Published: ɛ2-phages are naturally bred and vastly superior to wild-type
PhagoMed published details on its phage program PM-399 including a detailed introduction to its proprietary ɛ2-(evolution squared)-phages. ɛ2-phages are a new type of naturally bred S. aureus phages, which are vastly superior to the wild type ancestors, and which are candidates for fighting antibiotic-resistant or biofilm-related infections.
Wild-type phages are often unreliable. They tend to allow quick resistance formation or only reduce bacterial growth rather than eradicating the bacteria. Therefore, genetic engineering is sometimes used to improve the properties of wild-type phages, for example by altering the receptor-binding protein or by introducing various payloads with CRISPR. However, these methods rely on understanding the genes that are modified and for phages the function of 50-80% of genes is completely unknown. PhagoMed therefore searched for a pathway to overcome this limitation in phage engineering.
PhagoMed developed a new phage evolution method, which relies on naturally induced, random changes in the phage genomes, followed by selection for desired properties. Details on this process and the results have just been published in the journal Pharmaceuticals.
The article describes how ɛ2-phages have a vastly improved host range (the capability of lysing many strains within a bacterial species), increased virulence (the property allowing the phages to kill a population of bacteria even at a low starting phage concentration) and reduced resistance formation. The best and most complementary ɛ2-phages were compiled into a phage cocktail, PM-399, which reliably lyses more than 90% of S. aureus strains, independently of their antibiotic resistance status.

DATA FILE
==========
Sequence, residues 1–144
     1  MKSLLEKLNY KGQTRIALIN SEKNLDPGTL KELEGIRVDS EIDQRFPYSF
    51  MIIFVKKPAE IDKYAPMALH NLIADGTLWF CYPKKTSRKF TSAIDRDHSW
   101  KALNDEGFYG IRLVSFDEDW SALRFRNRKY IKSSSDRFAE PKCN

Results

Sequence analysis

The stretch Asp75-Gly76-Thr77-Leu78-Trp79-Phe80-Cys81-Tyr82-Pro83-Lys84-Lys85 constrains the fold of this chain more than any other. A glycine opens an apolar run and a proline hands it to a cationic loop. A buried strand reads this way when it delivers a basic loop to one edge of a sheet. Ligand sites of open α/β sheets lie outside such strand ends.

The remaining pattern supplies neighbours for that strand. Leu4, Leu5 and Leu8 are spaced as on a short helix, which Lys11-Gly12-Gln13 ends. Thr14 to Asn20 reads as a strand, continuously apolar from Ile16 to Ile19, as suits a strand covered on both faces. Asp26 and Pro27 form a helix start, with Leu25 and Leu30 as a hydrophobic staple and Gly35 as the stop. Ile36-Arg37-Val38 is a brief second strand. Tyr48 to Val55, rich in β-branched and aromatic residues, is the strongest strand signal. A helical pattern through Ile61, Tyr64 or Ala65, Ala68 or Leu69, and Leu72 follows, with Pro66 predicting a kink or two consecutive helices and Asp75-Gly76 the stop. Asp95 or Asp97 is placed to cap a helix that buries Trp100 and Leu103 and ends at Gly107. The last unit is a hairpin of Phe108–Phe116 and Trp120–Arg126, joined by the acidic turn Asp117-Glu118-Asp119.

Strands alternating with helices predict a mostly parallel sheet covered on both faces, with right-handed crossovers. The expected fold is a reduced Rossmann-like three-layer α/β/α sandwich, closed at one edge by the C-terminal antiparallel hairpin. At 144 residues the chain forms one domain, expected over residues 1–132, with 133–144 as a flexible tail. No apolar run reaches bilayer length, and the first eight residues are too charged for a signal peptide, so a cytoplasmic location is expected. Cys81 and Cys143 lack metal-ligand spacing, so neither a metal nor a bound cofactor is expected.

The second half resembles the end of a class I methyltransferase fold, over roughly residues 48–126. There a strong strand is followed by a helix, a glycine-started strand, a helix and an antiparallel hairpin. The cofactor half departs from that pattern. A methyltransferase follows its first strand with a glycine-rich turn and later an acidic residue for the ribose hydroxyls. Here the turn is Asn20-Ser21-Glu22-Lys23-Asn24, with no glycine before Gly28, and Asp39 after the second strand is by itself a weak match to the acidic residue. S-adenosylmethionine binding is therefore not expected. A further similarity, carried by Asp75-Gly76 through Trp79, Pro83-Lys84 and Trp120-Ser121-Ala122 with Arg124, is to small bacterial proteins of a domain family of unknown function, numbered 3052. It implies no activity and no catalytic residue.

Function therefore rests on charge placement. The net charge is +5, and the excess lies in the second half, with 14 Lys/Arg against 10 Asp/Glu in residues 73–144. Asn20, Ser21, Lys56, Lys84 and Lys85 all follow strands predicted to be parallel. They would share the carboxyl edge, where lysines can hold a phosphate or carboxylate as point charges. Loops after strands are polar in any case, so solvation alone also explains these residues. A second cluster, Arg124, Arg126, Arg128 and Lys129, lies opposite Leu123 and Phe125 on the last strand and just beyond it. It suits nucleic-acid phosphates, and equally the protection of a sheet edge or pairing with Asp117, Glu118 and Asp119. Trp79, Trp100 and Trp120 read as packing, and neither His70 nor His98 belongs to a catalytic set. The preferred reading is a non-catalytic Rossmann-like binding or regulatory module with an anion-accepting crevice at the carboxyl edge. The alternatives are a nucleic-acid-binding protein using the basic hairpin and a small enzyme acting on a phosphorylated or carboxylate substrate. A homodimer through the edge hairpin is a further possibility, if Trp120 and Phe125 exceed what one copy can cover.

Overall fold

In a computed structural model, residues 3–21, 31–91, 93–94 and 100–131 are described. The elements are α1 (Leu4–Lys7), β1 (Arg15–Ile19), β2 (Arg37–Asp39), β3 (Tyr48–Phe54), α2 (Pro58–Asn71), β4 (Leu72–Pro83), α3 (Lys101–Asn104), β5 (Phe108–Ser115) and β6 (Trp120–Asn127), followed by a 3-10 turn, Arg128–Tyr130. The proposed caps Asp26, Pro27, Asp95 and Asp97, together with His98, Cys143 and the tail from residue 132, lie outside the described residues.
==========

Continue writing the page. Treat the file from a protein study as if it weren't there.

Based on the genetic recombination that were found in the ɛ2-phages, PhagoMed also filed two patent applications with a very innovative claim structure, which would not have been possible for wild type phages.
As shown in the publication, ɛ2-phages have increased therapeutic potential via the increased virulence and, due to the increased kinetic host range, also reduce the number of phages required in a fixed cocktail or in a phage bank for personalized phage therapy. Overall, the ɛ2-phages and the cocktail PM-399 are promising candidates for an alternative treatment of S. aureus infections.
The full publication on S. aureus ɛ2-phages can be found here.